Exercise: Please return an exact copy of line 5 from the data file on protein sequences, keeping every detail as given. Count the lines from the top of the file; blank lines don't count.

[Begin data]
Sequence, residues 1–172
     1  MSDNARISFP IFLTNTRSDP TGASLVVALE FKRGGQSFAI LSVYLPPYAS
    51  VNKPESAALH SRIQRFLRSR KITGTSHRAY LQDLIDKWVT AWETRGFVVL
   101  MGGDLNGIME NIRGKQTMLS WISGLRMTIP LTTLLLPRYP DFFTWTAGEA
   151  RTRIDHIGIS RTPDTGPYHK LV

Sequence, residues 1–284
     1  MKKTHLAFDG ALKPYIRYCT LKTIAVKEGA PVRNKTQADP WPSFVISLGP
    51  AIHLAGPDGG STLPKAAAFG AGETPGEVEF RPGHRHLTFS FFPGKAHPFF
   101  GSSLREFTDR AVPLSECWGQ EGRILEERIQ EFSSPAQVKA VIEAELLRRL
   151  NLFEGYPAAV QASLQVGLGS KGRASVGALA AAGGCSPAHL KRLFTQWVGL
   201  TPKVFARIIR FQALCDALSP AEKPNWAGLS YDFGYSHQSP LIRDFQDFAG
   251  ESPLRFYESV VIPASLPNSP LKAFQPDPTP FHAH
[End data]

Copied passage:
   151  RTRIDHIGIS RTPDTGPYHK LV